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Members of the RunningRats Run Club in downtown Toronto. Founder Jonathan Hughes says it’s all about ‘building a spirit between people.’ (J.P. MOCZULSKI FOR THE GLOBE AND MAIL)
Members of the RunningRats Run Club in downtown Toronto. Founder Jonathan Hughes says it’s all about ‘building a spirit between people.’ (J.P. MOCZULSKI FOR THE GLOBE AND MAIL)


Why group running works Add to ...

Jonathan Hughes found strength in numbers. Having signed up for a clinic to train for the Ottawa Marathon in 2002, he decided that training in a group was so much better than going it alone that it only made sense to form a running club with a few friends he met during the clinic.

"It was a way of keeping us going," says Mr. Hughes, 42, a strategy and leadership consultant from Toronto and "Chief Rat" of the RunningRats Run Club.

Marathon training can be incredibly solitary. The loneliness of the long distance runner can make it all too easy to stop runs short or not train at all on a given day. Running in a group provides not only a social aspect that can make long runs more enjoyable, but also gives runners the motivation they need to get out on the road. Just make sure the group doesn't push you too hard, experts say.

"There's what I call positive peer pressure," says John Stanton, founder of the Running Room.

Knowing that the group is waiting for you can get you off the couch when you'd otherwise rather stay home, Mr. Stanton says.

There were about a dozen members when the RunningRats launched. Today, there are close to 60 people in the group, with about 30 showing up for its Tuesday night runs.

"Our slogan is 'Run with the spirit,' and that's kind of the way we like to think about it. It's building a community, building a spirit between people and hoping each other succeeds through running," Mr. Hughes says.

Preparing for a race, especially a marathon, can pose a significant psychological burden. Joining others who are dealing with the same challenges and share the same goals can ease that burden.

"The biggest thing about running with a group is the support that you get," says Saul Miller, a Vancouver-based sports psychologist.

Dan Cumming, a member of the Pacific Road Runners, a running club in Vancouver, says that running with others makes it much easier to reach the finish line.

"It's a great way to meet people that have got similar abilities, interests, and it provides a support group as well that encourages you when the going gets tough," the 65-year-old says. "It's inevitable on a long run you'll start to feel a bit tired. You can gain energy from the other people, and sometimes you're the one that's giving that energy."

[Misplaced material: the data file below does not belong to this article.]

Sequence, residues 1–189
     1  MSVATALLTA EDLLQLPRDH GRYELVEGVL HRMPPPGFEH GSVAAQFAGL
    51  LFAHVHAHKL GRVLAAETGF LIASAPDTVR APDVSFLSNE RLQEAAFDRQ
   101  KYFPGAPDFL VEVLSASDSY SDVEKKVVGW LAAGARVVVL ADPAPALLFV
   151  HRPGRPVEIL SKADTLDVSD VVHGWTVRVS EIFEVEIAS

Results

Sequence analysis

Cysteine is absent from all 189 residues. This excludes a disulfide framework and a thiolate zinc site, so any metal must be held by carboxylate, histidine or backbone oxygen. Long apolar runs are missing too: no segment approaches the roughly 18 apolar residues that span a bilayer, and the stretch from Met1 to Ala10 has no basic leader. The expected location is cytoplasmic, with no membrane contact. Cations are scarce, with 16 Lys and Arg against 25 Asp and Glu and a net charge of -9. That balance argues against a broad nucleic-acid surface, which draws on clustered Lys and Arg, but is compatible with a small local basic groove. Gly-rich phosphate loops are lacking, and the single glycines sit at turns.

As well, running with others can often help people develop proper technique, especially when it comes to things such as pacing, Mr. Cumming says.

"One of the very typical things people will do if they're training for a marathon or even a half-marathon is they will go out and try to run too hard. That's a sure way to an injury and not even a very good time," he says. "If you've got somebody there saying, 'I think we're going just a bit too quick,' that's a good thing."

But running with a group can potentially be harmful, says Douglas Stoddard, medical director of the Toronto Sports & Exercise Medicine Institute.

Joining a group can put you "in an environment where you feel obligated to keep going," Dr. Stoddard says. If someone is developing an injury, the pressure to continue running with a group may only serve to exacerbate it.

As well, some runners, particularly beginners, may find themselves trying to keep up with a group that is far beyond their level, which can lead to injury or burnout.

"There are some people that are overreaching in their first start up phase of running, and sometimes the group environment can foster that," Dr. Stoddard says.

Most running clubs, however, are diverse enough to accommodate people of all abilities, says Melody Switzer, president of the Calgary Roadrunners.

"We have a monthly club night run and we also have some training runs that happen weekly. So depending on a person's interest and ability they could do one of three different group runs once a week," she says.

Those who are part of running clubs also say they are drawn to the camaraderie. Celebrating a good training session by yourself just isn't as much fun as heading out to the pub with the crew after a long run.

"We're really healthy people," Mr. Cumming says with mock seriousness. "But every once in a while we might [go to a pub] being a social running club. There's nothing like a cool beer after a hot run."

And while some people may prefer to train alone and feel the pain alone, there is much to be said for the chatting cure of running with others, Ms. Switzer says

"The majority of us are gregarious types," she says. "The time goes faster and it doesn't hurt as much."

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